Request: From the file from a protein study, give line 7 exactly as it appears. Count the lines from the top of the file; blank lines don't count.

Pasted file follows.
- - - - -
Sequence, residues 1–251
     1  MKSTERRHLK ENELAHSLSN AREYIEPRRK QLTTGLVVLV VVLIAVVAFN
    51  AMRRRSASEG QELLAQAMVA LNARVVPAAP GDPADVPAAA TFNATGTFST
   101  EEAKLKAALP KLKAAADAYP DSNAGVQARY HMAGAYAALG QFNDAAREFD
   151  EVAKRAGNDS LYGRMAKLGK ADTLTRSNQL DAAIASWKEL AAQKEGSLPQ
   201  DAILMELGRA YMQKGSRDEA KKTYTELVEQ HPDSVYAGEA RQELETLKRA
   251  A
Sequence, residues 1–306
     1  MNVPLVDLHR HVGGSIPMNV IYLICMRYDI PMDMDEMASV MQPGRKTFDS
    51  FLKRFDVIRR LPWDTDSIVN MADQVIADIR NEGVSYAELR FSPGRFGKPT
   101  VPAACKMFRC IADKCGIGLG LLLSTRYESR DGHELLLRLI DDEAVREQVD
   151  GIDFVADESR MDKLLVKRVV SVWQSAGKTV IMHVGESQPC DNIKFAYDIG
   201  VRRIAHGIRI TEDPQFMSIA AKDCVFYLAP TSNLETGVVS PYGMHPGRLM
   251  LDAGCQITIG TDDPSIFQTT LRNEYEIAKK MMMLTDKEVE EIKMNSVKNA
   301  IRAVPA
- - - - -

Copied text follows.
   251  A